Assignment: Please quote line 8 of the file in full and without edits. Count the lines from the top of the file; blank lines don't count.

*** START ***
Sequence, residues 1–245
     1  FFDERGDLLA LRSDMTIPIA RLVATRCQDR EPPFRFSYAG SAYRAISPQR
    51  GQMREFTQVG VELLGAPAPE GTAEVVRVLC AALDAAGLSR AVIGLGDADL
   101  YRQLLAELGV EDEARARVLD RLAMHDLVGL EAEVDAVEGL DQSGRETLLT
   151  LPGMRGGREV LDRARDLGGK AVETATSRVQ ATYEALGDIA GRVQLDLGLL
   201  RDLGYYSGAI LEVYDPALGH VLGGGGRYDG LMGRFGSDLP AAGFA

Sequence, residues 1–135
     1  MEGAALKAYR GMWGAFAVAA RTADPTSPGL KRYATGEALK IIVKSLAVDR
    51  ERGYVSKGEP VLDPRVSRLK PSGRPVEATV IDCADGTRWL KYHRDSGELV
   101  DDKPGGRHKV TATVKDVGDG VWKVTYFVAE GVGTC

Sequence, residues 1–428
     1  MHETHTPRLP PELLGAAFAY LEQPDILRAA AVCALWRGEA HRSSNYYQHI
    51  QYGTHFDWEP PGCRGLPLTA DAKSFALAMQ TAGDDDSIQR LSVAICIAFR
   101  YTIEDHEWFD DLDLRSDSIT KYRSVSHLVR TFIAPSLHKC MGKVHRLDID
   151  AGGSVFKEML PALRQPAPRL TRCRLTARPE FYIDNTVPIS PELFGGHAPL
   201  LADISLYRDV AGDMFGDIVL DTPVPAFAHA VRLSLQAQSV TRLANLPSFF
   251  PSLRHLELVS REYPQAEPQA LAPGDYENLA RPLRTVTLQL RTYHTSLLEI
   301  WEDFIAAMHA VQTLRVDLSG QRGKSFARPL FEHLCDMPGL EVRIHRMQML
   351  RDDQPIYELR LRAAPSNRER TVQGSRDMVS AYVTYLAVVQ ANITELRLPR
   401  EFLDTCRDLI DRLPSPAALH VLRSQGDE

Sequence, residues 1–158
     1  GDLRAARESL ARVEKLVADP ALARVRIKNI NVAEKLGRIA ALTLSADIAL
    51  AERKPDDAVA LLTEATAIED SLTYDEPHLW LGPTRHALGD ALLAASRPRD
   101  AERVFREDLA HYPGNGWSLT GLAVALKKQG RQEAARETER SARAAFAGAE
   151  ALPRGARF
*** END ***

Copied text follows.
     1  MEGAALKAYR GMWGAFAVAA RTADPTSPGL KRYATGEALK IIVKSLAVDR